I have always looked upon my experiences here in Ecuador as nothing short of an adventure.....a "re-conquest". You will find that this Blog not only offers information on how to live, invest or simply visit Ecuador (rated the number one retirement heaven by International Living magazine for 2011) but also informative information and articles on how to survive in this fast changing and volatile World we live in. Your comments are welcome!
El Conquistqdor Francisco de Orellana
The Conquistador who put the Amazaon baisn "on the map"....Francisco Orellana
Wednesday, September 21, 2011
Your Smartphone Can See You
By Mark Nestmann, Wealth Preservation and Privacy Expert
The movie Minority Report depicts a world where a widespread facial recognition network tracks your day-to-day movements in public spaces.
Imagine individual cameras instantly scanning your face next time you take a casual stroll down the street.
Once the facial recognition software confirms your identity, it examines your personal and financial profile. It uses the information to tailor the advertisements you may hear the next time you enter a department store.
It can also identify your location for law enforcement purposes. As in the film, if an elite "pre-crime" police unit concludes that you're about to commit a murder, you'll be arrested, detained, and eventually placed into suspended animation - forever.
Minority Report was set in 2054. When I saw the movie, that date was far enough away to make me believe I wasn't likely to witness the events it depicted in my lifetime.
I was wrong.
Minority Report is here, today. But instead of a network of fixed cameras, every person carrying a smartphone with the appropriate application will be able to identify you through face recognition software.
Here's what could pop up next...
No, this isn't science fiction.
Researchers at Carnegie Mellon University recently photographed 93 students with a smart-phone - all of whom had Facebook profiles - entering a building. The software then compared those images with a database of Facebook photos of people on the CMU network.
One out of three people in the study was successfully matched to the Facebook photos, and for about one-fourth of the students, researchers retrieved their date and place of birth, along with fragments of their Social Security numbers.
This is Just the Beginning...
Face recognition technology is rapidly improving. Eventually, showing your face in public could mean that anyone you encounter can learn enough information to steal your identity simply by snapping a photo with a smartphone.
If you voluntarily post information on the Internet, available for anyone to retrieve, can those who do so make it available to others? The courts have ruled there is no "expectation of privacy" in such information, so I see no reason why they couldn't.
I'm not aware of any commercial application combining face recognition with online photos and databases. However, police are already using similar applications.
Meet "MORIS," the Mobile Offender Recognition and Information System. MORIS is a handheld face recognition device that plugs into a smart phone. Law-enforcement agencies across the U.S. have ordered 1,000 MORIS units, scheduled for delivery this month.
If a cop wants to find out who you are, he just snaps a picture with his smartphone. He then searches a database to learn if you have a criminal record. MORIS can also take your fingerprints, and match them to criminal history records.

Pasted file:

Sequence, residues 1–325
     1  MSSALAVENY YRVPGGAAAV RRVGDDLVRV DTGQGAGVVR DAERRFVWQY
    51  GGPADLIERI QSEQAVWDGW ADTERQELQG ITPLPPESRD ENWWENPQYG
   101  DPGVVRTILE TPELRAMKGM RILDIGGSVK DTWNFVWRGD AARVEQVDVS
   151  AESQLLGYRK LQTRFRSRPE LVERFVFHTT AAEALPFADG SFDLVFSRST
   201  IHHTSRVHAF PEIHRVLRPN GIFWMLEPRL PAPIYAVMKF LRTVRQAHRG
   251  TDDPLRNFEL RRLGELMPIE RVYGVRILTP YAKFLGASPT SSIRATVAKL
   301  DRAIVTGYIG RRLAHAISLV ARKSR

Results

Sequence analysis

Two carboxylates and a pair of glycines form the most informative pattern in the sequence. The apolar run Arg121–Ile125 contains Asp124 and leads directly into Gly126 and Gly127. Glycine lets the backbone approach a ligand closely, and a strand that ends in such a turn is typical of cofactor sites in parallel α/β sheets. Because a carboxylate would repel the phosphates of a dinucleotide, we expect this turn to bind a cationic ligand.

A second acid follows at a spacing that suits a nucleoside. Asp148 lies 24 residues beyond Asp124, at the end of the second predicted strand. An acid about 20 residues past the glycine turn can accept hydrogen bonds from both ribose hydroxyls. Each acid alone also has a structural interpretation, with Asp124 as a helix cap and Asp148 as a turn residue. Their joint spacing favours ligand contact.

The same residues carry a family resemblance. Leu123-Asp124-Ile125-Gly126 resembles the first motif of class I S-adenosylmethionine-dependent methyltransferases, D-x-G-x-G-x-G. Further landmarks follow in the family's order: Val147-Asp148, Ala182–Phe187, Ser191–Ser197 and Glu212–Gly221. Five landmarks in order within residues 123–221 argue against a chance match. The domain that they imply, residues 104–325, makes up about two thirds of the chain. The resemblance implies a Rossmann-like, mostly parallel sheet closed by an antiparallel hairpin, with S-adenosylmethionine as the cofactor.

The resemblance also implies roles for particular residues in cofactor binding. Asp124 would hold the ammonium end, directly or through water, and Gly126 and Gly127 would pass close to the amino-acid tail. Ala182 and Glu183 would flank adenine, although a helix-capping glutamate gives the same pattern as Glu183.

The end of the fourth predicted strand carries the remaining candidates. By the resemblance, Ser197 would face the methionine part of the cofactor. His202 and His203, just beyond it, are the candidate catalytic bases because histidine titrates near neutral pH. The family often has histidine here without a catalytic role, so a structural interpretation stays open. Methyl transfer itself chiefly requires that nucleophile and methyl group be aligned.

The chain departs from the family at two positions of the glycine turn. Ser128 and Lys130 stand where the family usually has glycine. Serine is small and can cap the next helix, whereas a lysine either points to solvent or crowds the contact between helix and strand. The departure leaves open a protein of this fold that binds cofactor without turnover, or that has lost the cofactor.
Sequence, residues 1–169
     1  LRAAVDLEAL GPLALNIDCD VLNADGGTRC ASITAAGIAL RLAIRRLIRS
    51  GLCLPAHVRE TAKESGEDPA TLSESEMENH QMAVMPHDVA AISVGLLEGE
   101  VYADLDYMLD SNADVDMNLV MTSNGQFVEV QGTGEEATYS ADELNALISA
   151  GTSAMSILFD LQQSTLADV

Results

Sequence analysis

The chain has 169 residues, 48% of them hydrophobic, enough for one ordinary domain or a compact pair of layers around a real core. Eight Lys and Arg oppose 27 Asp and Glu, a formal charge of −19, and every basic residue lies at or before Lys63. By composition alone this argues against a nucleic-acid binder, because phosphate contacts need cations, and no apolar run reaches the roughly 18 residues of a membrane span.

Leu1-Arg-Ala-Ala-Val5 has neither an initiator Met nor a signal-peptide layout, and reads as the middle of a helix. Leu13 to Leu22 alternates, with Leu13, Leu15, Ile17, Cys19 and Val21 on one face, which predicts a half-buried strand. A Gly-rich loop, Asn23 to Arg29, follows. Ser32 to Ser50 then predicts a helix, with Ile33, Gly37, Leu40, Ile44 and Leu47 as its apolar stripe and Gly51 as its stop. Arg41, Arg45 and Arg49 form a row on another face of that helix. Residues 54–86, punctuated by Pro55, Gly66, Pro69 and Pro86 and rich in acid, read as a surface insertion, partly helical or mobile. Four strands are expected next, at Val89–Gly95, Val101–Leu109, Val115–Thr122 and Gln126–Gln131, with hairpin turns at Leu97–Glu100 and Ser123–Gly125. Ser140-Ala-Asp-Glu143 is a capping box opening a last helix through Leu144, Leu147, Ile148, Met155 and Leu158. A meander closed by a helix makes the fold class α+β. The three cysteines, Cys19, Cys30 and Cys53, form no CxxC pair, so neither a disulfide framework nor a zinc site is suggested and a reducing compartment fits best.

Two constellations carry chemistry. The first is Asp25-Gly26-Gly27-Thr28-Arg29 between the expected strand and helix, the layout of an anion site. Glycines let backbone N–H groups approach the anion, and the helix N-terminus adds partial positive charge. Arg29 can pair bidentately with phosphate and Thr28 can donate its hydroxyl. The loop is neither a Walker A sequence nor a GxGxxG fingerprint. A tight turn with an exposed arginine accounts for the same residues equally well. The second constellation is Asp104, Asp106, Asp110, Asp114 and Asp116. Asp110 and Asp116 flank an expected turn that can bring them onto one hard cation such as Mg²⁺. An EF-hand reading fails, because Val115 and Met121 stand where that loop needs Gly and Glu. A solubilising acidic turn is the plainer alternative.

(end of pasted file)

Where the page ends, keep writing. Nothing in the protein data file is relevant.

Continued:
The manufacturer of MORIS, BI2 Technologies, urges police not to use the face recognition feature without reasonable suspicion of criminal activity. But if you're in a public place, the courts have concluded that you have a greatly reduced expectation of privacy. Just anyone with a camera, including a cop, can legally take your picture in a public space.
(The reverse, however, is definitely NOT true. If you photograph - or especially, record the voice - of a cop or any other public official, you might be arrested. Indeed, an Illinois man who recently recorded his interactions with a judge in an open court hearing now faces life in prison.)
How Can You Protect Yourself?
Short of never leaving your home, or living in a sparsely-populated rural setting, it will be impossible to avoid the Minority Report world completely. But, there are some steps you can take to lower your vulnerability:
* Delete your photos from social networking sites, dating sites, and especially Facebook. If you're unwilling to delete your photos, make sure to mark your profile as "private."
* Don't post photos of your friends or family members online. Not only does this jeopardize their privacy, it also helps marketers and investigators construct a social network of those with whom you interact.
* To minimize the amount of information about you available online, consider a service such as Reputation.com to remove personal information from websites that market it.
* Always use a post office box or a mail receiving service to send and receive mail and packages—never your home address. Even something as innocent as ordering a pizza delivered to your home address can result in that information recorded in an online database.
* If you have a website, copyright all information you post on it. That way, anyone using that information for any purpose beyond what copyright law defines as "fair use" may be subject to legal sanctions.
What about wearing a hat and dark glasses? That may work for now, but eventually face recognition software will evolve into body recognition and even gait software. Even if you've disguised yourself as George W. Bush and wear a big sombrero as you walk down the street, your body shape and unique walking pattern will eventually reveal your identity.